THE RAINBOW BOOK
to remain awake so as to see Father Christmas when he came, and then how she could coax him to stay for a talk—for she knew quite well how busy he must be when he was on his rounds.
The following afternoon, during a general rummage that was going on to find tiny candles and coloured glass balls that were over from last year's Christmas tree, Eva picked up a scrap of printed paper, which had come out of an old cracker. She took it upstairs to her favourite spot on the hearthrug, and read it aloud to Dot:—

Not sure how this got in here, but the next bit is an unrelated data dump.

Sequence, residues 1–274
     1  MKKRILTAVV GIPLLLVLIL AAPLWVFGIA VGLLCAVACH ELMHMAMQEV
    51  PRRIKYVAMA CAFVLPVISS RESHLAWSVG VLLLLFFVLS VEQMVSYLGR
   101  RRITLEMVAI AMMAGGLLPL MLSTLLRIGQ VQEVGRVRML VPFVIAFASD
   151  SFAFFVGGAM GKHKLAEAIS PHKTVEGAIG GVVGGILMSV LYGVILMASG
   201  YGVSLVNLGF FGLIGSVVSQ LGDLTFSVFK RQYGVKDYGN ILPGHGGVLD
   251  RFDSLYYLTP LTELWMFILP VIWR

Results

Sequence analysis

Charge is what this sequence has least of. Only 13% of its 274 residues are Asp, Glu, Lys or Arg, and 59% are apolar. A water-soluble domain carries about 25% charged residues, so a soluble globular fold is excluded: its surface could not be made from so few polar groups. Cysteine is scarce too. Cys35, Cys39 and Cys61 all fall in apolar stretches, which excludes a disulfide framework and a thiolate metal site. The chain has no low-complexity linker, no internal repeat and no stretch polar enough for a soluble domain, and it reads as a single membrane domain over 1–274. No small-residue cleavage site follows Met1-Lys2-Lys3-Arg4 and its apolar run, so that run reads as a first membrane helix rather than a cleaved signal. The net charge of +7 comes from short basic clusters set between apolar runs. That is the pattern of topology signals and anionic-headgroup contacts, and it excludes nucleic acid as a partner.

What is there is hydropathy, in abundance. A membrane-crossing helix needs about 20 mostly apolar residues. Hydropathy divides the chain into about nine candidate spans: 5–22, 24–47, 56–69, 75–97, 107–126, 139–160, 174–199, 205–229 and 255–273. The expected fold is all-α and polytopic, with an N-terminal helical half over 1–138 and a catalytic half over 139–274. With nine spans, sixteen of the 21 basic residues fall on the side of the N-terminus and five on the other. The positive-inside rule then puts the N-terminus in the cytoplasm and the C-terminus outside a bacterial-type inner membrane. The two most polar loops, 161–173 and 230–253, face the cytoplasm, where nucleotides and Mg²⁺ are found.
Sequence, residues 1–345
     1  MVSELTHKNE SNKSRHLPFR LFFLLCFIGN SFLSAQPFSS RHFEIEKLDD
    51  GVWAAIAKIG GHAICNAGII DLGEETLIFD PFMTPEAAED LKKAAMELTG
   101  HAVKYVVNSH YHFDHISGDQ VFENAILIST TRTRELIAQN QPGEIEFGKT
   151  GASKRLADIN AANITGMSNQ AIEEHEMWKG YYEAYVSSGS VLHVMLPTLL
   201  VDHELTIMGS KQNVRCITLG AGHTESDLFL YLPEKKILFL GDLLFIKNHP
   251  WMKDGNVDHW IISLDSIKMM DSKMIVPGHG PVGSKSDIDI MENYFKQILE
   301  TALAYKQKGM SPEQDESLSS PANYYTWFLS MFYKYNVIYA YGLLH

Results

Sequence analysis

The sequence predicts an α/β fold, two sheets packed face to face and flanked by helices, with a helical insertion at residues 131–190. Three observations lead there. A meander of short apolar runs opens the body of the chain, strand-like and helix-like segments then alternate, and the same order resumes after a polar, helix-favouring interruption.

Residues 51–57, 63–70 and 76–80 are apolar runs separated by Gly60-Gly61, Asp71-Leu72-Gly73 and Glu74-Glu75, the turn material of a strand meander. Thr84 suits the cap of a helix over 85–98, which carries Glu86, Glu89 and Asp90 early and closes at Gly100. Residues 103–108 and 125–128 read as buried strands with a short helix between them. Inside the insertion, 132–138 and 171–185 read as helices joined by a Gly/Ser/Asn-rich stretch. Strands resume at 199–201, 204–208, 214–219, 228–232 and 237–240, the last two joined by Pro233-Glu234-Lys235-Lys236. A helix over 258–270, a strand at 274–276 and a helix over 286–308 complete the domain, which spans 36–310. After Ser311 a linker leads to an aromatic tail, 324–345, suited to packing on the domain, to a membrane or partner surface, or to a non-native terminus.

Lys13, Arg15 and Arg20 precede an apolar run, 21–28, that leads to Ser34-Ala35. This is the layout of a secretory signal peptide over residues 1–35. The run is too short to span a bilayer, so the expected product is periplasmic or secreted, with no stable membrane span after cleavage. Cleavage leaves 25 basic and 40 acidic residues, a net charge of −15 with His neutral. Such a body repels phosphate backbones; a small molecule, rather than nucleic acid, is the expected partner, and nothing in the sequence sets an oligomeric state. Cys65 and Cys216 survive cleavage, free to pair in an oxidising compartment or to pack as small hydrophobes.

" Father Christmas sends this note From out his mansion by the moat, To all who live on land and sea, To honour Christmas Day with glee— Inviting them to pass his way, With glee to honour Christmas Day/'
Eva flushed with excitement. " Why, it's a message from him ! " she cried. " It's some kind of invitation! " and she gave Dot such a squeeze of delight that the little creature squeaked shrilly, scurried off, and laid low under the table.
She thought and puzzled and pondered over the lines she had just read. At last she grasped their meaning. " Of course ! How simple, after all!" she concluded. " He lives at some moated house, and I must go to him, not wait for him to come to